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For Students

Undergraduate Research Opportunities

Description of Research

Research interests in the lab involve developmental affective neuroscience, individual differences in emotional reactivity, regulation, and temperament, the dynamics of behavioral and biological expression of emotion, and the effects of context on emotional behavior and physiological reactivity during the toddler and pre-Kindergarten years. The current longitudinal project is designed to explore the roles of temperament in social-emotional development and contains elements that probe maternal awareness and parental influence during toddler development. Research assistants will also be trained to discriminate affective behaviors, code and enter data, and work with related software programs:  Mangold (Interact), SPSS, NVivo, Qualtrics, etc.   

Method of Compensation

Research assistants may apply for PSYCH 494 course credit or work on a volunteer basis. Students eligible for work-study may be able to work in the lab for compensation after having worked in the lab for at least one semester. Participation provides a valuable experience and reference base for those considering graduate studies.

Requirements/Qualifications

Because of the nature and training involved with the study, we ask for a minimum overall GPA of 3.3 and a minimum commitment of at least 2 semesters (although the majority of our undergraduates stay on the project longer than the minimum requirement). Students should plan to spend 10 hours per week involved in lab-related activities, including a one-hour weekly lab/coding meeting which research assistants are required to attend.  Unique research opportunities are often available during summer sessions, too.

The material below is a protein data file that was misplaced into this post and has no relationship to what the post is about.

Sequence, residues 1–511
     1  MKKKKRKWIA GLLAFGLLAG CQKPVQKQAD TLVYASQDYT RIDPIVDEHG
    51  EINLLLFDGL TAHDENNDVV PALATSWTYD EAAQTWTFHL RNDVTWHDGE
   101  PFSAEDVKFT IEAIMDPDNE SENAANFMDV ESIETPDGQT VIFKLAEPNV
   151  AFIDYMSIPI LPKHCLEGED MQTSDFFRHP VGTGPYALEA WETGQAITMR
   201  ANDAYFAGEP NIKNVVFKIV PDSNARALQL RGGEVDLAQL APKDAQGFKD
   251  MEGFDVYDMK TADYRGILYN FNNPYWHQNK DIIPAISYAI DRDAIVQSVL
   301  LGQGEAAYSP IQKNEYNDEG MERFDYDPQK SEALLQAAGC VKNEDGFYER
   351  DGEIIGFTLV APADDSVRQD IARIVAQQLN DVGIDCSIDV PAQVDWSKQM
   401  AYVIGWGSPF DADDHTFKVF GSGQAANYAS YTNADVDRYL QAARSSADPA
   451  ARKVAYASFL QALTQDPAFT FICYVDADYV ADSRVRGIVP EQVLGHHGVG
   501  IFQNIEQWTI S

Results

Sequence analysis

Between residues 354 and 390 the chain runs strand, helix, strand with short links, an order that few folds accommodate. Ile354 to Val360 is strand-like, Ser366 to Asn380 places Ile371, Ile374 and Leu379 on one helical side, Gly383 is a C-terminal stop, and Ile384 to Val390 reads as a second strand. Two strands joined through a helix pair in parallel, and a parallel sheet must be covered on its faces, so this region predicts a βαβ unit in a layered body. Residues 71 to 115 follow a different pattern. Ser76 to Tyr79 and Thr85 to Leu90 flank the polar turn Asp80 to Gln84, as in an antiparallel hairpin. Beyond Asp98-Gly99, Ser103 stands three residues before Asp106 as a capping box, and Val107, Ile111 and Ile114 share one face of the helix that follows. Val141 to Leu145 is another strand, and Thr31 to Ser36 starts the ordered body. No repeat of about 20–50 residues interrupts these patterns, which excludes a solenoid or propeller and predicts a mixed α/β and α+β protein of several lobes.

Opportunities are available for completing a Senior Honor Thesis in the lab. Please discuss this opportunity with Dr. Buss well in advance of your junior year.  Most students pursuing this option already work in the lab but the option to join the lab as a Thesis student is also possible. Thesis students are required to work in the lab during their junior and senior years and this entails work on the larger project(s) and thesis work.

In addition, the new Penn State's/Liberal Arts' Human Resources policy requires background checks be completed for all students who will have contact with children and/or access to identifying information.  These checks/clearances will be processed by the university upon acceptance into the lab.  Students may not begin actual lab work until this process is completed.

To Apply

To ask a question, request more information, or submit an application, please contact Jensen Re at or

Link to Application:

https://docs.google.com/forms/d/1BrvqmhHt-pqUBDKi1jy9OJGCCYtYKtNE0xOiF0-v51I/edit?usp=sharing

Graduate Research Opportunities

Dr. Buss and the Emotion Development Lab are seeking highly motivated students interested in pursuing a Ph.D. involving research on emotional development in infants, toddlers, and preschoolers. Our research tries to understand the development of emotions through psychophysiological measures as well as behavioral coding.

Learn more about the graduate degree in the Developmental Area and Child Clinical Psychology

Learn more about our Lab Director, Dr. Kristin Buss.

Post-Doctorate Research Opportunities

Graduate students interested in pursuing a Post-Doc in the Emotion Development Lab should have graduate training in developmental psychology, child clinical psychology, human development, or related fields. Expertise in one or more of the following areas is preferred: temperament, emotions, emotion regulation, anxiety, HPA-axis, and/or psychophysiological methods (ECG, EEG/ERP). Experience with basic statistical methods is required. Additional experience with advanced statistics (e.g., multilevel modeling, growth modeling) would be ideal.